These cases are useful reminders to employers that they cannot hide behind the label that they attach to their staff. The Courts will always look beyond this and take into account the true working relationship between the parties when determining an individual’s employment status.
Employer ordered to pay back employee 13 years of unpaid holiday pay
The Sash Window Workshop Ltd and another v King (European Court of Justice)
In one of the latter cases to appear before the Courts this year, Mr King, a salesperson who originally agreed with his company, Sash Window Workshop Ltd, that he would be classed as ‘self-employed’ rather than as an ‘employee’, questioned his employment rights.
After retiring, Mr King claimed that he was owed 13 years’ backdated holiday pay as he was actually a ‘worker’. The European Court of Justice found in favour of the claimant, placing the onus on the employer to provide paid annual leave to individuals, regardless of their employment status label or whether they request paid time off for holiday or not.
Sash Window Workshop Ltd was, therefore, ordered to pay back to Mr King, his 13 years’ unpaid holiday pay. This was an unexpected result, as UK case law generally limits any back payment of unpaid holiday claims to a maximum of two years.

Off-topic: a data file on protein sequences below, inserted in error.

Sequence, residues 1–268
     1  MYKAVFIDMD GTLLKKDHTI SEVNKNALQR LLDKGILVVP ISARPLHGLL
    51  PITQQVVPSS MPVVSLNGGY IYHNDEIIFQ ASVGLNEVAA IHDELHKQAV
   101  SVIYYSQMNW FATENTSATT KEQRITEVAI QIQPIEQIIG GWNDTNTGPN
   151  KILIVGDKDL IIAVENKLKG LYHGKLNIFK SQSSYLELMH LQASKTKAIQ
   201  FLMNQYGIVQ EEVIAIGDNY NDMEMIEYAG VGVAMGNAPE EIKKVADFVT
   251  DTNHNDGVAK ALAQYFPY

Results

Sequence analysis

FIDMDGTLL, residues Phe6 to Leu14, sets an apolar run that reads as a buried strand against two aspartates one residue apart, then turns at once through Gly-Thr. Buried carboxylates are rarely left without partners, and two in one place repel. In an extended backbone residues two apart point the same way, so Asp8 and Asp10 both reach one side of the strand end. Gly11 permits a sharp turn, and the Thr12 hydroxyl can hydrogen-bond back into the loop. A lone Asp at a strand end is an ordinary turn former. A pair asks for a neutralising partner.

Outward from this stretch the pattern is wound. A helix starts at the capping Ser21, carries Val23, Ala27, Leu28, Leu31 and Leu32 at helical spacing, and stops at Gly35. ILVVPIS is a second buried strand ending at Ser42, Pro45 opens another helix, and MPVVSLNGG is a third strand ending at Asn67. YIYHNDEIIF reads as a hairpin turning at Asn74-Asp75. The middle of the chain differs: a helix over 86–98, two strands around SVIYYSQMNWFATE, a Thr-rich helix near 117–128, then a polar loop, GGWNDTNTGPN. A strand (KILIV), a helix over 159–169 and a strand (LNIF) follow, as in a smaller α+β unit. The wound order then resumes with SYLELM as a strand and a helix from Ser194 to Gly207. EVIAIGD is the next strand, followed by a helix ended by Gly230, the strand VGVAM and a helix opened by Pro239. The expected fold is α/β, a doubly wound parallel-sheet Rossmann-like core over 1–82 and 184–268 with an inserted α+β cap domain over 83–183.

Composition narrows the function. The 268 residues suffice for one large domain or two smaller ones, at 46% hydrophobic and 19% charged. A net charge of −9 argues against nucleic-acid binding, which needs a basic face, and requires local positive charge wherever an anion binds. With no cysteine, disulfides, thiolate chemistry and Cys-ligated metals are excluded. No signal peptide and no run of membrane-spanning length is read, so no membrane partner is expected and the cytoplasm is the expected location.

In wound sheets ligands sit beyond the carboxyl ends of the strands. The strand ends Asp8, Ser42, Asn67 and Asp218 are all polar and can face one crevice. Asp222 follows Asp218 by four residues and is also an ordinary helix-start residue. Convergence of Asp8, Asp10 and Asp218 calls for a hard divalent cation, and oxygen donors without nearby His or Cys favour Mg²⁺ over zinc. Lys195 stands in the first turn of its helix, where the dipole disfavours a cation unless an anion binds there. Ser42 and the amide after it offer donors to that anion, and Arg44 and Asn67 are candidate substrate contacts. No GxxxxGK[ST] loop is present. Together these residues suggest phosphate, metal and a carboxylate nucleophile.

Increases in discrimination compensation
Pereira de Souza v Vinci Construction (Court of Appeal)
Successful claimants of any discrimination claims brought to an Employment Tribunal on or after 11th September 2017, can now claim for increased levels of ‘injury to feelings’ compensation, under the three different ‘Vento bands’:
- Lower band (less serious cases, where the act of discrimination is an isolated/one off incident) – now between £800 and £8,400 (previously £600 to £6,000);
- Middle band (serious cases, which do not merit an award in the highest band) – now between £8,400 and £25,200 (previously £6,000 to £18,000); and
- Upper band (most serious cases, where there has been a lengthy period of discrimination or harassment) – now between £25,200 and £42,000, with the most exceptional cases capable of exceeding £42,000 (previously £18,000 to £30,000).